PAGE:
The Just Dance series is no longer a newcomer to the dance game genre. It seems like it was just yesterday that Dance Dance Revolution had a monopoly on rhythmically-inclined gaming, but times have changed. Motion-based innovations that began with the Wii and will continue to be prevalent with the Wii U, the Kinect, and the Playstation Move indicate that the dance genre of gaming is here to stay. Just Dance 4 picks up where Just Dance 3 left off, adding fifty tracks to the series’ already robust library. While the game is as entertaining as one might expect from previous titles, it does nothing to innovate the series.
The title of the game should say it all: Just Dance. And after you’ve figured out the menu system (which is a little harder than many Kinect titles), you’ll do just that. Just Dance 4 has the player move along with a dancer onscreen, and players earn points for doing so with greater accuracy. Each song has six “dance quests,” which serve as objectives the player tries to accomplish within each song. As the player completes the dance quests, they gain points to power their mojo, which accesses various unlockables. The library of Just Dance 4 include songs still relevant to today’s musical tastes, and some that are more bizarre choices (e.g. Rick Astley’s “Never Gonna Give You Up”). What’s more is that additional content, such as alternate choreography for certain songs, are available as you complete challenges on Ubisoft’s Uplay system. The game also includes several other modes like “Just Sweat,” a workout style of gameplay aimed at keeping the player moving, and “Dance Battle,” which pits players against one another in a four-way throwdown. However, some elements from Just Dance 3 are absent like “Simon Says” mode, the eight player functionality, speed-shuffle, medleys, and playlists.
The dance moves can be a little silly, but the Just Dance series has never been one for legitimate dance moves, or even challenging choreography. Instead, Just Dance 4 aims to be the casual experience for friends at parties, which it pulls off well. In particular, the “duet” songs that incorporate two-person choreography are especially fun, and show off the Kinect’s potential. While the motion-tracking is generally good, it can become spotty when all four players take the stage. However, the biggest motion-tracking pitfall comes into play in the menus, which aren’t as intuitive as other Kinect titles, and will oftentimes have you poking hopelessly towards your television while trying to select a song.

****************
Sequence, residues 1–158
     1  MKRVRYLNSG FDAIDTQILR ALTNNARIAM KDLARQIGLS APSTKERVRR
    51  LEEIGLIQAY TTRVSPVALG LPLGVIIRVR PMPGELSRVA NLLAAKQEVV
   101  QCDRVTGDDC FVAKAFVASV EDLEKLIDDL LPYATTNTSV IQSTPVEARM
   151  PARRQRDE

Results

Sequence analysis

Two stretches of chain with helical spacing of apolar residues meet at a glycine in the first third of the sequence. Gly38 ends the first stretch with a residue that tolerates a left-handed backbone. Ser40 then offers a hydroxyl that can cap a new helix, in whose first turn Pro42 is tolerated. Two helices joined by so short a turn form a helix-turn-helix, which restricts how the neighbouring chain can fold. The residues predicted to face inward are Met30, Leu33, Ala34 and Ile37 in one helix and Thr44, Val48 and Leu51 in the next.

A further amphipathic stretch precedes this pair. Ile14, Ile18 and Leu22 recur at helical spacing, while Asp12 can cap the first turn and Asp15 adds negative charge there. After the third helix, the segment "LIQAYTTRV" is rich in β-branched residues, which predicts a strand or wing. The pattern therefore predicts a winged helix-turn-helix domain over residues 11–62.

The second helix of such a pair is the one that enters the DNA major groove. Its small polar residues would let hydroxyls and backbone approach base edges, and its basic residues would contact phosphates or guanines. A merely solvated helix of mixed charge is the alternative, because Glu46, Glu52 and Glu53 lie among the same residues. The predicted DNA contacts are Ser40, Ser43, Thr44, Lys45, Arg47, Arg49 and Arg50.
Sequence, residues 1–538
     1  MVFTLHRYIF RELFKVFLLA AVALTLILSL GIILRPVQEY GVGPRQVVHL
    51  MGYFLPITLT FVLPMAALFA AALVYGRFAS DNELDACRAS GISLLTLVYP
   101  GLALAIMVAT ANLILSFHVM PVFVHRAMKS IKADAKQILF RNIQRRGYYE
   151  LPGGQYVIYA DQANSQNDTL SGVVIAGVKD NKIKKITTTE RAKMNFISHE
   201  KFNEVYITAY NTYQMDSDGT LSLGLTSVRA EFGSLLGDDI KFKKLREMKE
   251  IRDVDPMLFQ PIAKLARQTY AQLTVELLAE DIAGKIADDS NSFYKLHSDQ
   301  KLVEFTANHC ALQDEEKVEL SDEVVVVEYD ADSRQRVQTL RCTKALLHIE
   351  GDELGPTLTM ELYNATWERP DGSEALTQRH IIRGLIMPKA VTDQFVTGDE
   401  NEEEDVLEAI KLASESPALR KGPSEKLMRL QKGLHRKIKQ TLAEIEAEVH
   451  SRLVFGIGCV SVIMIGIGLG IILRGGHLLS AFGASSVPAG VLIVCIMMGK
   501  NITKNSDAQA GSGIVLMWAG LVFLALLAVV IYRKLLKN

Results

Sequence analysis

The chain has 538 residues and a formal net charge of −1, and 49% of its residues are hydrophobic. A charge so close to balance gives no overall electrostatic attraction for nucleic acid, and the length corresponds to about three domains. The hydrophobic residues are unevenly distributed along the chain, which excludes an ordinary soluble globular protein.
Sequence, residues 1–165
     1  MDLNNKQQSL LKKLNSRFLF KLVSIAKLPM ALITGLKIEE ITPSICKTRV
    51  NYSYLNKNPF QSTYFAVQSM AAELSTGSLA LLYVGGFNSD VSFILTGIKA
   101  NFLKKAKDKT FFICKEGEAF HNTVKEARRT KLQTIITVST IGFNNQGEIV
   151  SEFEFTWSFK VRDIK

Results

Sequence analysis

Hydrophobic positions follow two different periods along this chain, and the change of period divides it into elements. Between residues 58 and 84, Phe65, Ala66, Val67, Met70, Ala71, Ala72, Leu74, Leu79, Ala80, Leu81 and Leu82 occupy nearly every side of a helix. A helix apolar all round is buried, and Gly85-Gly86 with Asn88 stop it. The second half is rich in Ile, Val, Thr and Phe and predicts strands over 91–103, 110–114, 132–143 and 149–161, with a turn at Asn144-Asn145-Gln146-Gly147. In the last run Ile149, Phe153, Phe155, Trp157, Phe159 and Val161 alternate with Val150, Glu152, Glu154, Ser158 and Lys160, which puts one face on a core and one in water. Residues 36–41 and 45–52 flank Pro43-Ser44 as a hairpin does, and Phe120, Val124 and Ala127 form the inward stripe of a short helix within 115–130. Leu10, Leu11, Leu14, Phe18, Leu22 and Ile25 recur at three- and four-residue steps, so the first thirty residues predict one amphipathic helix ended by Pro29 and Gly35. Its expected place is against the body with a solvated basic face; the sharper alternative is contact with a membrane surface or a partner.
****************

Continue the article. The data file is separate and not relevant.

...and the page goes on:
Visually, there isn’t much to Just Dance 4, as it has been with previous titles, and while the graphics aren’t terrible, they aren’t very interesting to behold either. This is especially true if you’ve been following the series, because they haven’t changed at all. The audio in Just Dance 4 is very good, since it’s entirely comprised of (mostly) good music, but the occasional odd song choice (e.g. Will Smith’s “Wild Wild West) leaves me wondering, “Why?”
If you have been a fan of the series so far, you’ll love Just Dance 4, because it’s basically just an expansion pack for the previous titles. This has been going on for awhile now, so anyone looking to jump into the series with Just Dance 4 won’t have any new reason to. The good news is that the basics, such as its over-the-top style, four player functionality, and diversity of tracks have returned. The bad news is that the opportunities this series has had to improve, like their unhelpful dance cards, crummy menus, and sometimes shoddy motion-tracking have gone unfixed. Of course, if you’re willing to pay fifty dollars for a Just Dance expansion pack, then go pick up a copy and just dance.